If you are a videographer or a motion designer, try to create a showreel as well! A showreel is a mixed-up portfolio video that’s normally around 60 to 90s that showcase highlights of your past works.
Remember to include your website, contact details, case studies and testimonials in your portfolio site as well!
Takeaway: Your portfolio can make or break the deals that you get. Keep this in mind when doing projects, always try to create quality work, if not for your client, do it for yourself. Once you have a great portfolio, remember to market it by putting it on many different sites, and protect it by having a watermark.
Linkedin is one website you’ll that you have to get on to increase your reach to business professionals. Here’s why:
a) The people living on Linkedin, are potential clients, not just designers
Unlike platforms like Dribbble or Behance, where mostly designers and creatives gather, Linkedin is made up of professionals from all levels of business. If you have visibility here in search, you’ll likely get work from qualified prospects.
Here are some simple Linkedin tips that you can use right away:
- Add a summary to your profile, be sure to include your portfolio link, strongest skills, names of some big clients if you have, and any achievements
- Add your best works in the “work samples” segment of your profile
- Have a professional profile photo that reflects who you are. You don’t need to be wearing a suit, but don’t let it look like you took the photo with a crappy webcam
- Add recommendations from your clients, friends, or employers that you have worked with
That way, if someone ever searches for a ‘second opinion’ of you online with your name, boom, they’ll get your very well-curated Linkedin profile with sterling recommendations and proof of your quality work.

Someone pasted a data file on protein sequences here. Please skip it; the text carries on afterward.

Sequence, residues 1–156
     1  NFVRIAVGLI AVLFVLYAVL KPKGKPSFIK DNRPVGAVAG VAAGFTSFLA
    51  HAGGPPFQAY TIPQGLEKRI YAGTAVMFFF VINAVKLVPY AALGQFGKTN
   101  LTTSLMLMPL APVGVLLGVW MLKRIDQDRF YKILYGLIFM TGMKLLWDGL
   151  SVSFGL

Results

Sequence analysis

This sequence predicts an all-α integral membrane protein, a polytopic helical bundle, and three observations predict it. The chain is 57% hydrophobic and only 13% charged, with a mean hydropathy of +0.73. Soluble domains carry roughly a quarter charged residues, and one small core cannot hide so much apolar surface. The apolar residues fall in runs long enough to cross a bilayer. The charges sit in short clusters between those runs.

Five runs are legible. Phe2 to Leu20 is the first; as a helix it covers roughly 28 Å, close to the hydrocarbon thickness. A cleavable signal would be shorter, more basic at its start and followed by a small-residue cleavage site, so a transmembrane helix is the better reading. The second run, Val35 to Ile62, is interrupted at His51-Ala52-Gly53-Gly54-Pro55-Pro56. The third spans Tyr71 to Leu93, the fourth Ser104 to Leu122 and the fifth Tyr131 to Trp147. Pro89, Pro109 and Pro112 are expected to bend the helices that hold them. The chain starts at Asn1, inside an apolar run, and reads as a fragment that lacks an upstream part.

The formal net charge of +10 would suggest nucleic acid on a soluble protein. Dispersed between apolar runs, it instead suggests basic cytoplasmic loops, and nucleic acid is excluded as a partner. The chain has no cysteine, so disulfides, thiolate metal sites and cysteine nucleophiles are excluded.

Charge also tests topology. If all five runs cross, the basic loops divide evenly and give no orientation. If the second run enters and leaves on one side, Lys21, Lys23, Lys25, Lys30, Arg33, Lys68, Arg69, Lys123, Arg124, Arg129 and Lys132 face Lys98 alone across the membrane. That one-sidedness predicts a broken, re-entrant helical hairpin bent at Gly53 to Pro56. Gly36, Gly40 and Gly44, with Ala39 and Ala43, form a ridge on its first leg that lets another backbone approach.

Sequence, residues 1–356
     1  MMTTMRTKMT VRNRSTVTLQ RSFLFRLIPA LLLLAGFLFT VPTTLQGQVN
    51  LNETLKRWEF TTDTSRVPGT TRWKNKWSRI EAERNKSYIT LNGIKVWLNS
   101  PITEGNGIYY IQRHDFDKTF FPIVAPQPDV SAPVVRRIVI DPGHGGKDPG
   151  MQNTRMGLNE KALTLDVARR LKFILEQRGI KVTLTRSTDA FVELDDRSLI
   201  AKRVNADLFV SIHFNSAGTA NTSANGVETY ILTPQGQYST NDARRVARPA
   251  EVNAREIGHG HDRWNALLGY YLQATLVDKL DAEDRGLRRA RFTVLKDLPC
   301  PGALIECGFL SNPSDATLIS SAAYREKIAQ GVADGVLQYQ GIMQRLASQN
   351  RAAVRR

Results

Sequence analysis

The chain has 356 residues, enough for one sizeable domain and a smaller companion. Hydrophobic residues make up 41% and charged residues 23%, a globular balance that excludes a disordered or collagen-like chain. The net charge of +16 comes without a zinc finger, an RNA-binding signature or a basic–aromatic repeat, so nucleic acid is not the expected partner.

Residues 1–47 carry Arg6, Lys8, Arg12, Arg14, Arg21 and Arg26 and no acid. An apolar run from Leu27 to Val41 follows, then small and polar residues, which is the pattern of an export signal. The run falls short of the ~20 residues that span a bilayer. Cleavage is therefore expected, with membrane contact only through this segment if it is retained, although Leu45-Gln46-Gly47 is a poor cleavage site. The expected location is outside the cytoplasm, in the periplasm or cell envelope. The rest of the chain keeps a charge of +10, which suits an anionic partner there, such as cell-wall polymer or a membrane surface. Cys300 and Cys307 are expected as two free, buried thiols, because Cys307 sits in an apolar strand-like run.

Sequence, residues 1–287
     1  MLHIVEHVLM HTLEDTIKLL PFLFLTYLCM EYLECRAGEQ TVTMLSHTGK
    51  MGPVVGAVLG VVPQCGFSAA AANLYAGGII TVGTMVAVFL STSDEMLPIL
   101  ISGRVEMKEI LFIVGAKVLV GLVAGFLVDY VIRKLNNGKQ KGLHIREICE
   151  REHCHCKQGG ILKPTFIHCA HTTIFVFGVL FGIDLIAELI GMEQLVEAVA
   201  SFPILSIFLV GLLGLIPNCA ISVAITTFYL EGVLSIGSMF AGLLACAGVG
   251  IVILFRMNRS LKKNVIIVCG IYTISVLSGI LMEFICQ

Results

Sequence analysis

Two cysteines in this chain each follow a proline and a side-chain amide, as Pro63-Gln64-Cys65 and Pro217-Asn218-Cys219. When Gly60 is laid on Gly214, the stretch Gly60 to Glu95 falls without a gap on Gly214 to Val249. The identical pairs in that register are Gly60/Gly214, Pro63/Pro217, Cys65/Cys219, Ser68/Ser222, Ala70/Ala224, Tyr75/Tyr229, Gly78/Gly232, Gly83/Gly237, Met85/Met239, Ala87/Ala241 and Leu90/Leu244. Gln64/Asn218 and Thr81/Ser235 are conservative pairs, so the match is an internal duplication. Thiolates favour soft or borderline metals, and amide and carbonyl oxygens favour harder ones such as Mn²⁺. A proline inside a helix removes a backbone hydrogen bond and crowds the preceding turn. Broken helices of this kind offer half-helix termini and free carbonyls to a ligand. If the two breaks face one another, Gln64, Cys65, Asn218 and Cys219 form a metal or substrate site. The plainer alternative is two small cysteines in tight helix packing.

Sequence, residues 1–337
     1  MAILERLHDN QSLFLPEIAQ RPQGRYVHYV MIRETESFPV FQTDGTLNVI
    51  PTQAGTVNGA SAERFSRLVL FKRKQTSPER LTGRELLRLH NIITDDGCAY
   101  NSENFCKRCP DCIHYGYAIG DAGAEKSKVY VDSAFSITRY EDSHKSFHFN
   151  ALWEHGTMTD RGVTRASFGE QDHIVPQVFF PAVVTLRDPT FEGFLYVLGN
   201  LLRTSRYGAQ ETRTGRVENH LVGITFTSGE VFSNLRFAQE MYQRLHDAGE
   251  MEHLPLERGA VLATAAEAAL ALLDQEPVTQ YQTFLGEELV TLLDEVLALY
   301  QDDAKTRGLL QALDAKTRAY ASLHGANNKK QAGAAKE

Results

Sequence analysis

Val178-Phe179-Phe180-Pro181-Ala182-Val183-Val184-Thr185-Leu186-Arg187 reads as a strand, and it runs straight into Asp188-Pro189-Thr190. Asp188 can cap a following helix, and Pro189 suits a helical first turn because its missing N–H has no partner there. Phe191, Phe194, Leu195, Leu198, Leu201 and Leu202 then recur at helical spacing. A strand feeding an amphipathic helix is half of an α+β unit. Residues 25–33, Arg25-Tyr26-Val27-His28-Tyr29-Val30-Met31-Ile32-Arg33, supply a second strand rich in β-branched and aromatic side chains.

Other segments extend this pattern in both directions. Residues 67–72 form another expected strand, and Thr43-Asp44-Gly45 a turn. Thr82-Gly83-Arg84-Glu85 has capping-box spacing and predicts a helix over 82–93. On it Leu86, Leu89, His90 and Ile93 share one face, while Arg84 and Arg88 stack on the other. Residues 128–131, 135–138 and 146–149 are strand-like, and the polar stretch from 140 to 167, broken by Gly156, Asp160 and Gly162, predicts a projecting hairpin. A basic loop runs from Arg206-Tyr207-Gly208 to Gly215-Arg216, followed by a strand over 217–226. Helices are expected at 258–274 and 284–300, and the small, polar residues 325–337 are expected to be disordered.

b) You can get discovered if you optimize correctly
Local searches tend to bring the most relevant professionals. By creating a complete profile, adding your work, posting content in groups and updating your page, there is a higher chance of you getting discovered.
Say if you’re a Digital Marketer based in Singapore, if you have a higher Klout Score, you’ll be more likely to turn up when I search for that on Linkedin. Not just to recruiters, but to prospective clients.
Takeaway: Even if you are not a business professional, the people who hire you might be one, and they’ll be impressed if you have a polished Linkedin profile. It’ll make it easier for them to get approvals and get you hired for work.
6. Your Alma Mater
I graduated from a Polytechnic, and the funny thing is that they’ve been my biggest client so far. Most schools are supportive of their Alumni because it makes for good stories and Public Relations (PR). You’d want your students to succeed too, right? Especially if it brings in more students from nervous parents.
If your school has an Alumni Entrepreneur Programme, where they support alumni entrepreneurs, find out how they can help you. Most of the Polytechnics and Universities (in Singapore at least) have programs that support their alumni entrepreneurs in the form of Incubation, or sometimes even a cash grant.
It took me about a year with about 5 rounds of pitches for me to finally get accepted into the incubator in my Alma Mater. It may not be for everyone, but the effort has paid off in many ways: getting an office space at a subsidized rate, a cash grant as well as recurring work from the school itself.
The incubation co-working space that I am working in now is filled with great people with mighty ambitions. It’s a fantastic way to find new people that you can work with and a great source of motivation where everyone is going through similar challenges of entrepreneurship with you. I’ve gotten clients not only from the faculties but also from co-inhabitants at our co-working space, not to mention they are an awesome bunch to hang out with!
If you’re just starting out, ask your lecturers or course managers if they have any projects that you can work on based on your skills. One of my very first video projects was for NP Co-Op, an entity in my school. This first job really kickstarted the rest of my work as an impressive portfolio piece!
Takeaway: If you’ve graduated recently, ask your school if they have any entrepreneurship programs to support you. Do good work for your school and tap on the connections you make to drive consistent business
Final Take Away:
After all has been said and done, these are all still tactics that require effort and time. Start with a plan and take massive action to start seeing the fruits of your labor! Remember to continuously learn and upgrade your skill sets along the way as well. If you have any other questions, discuss them in the comments below!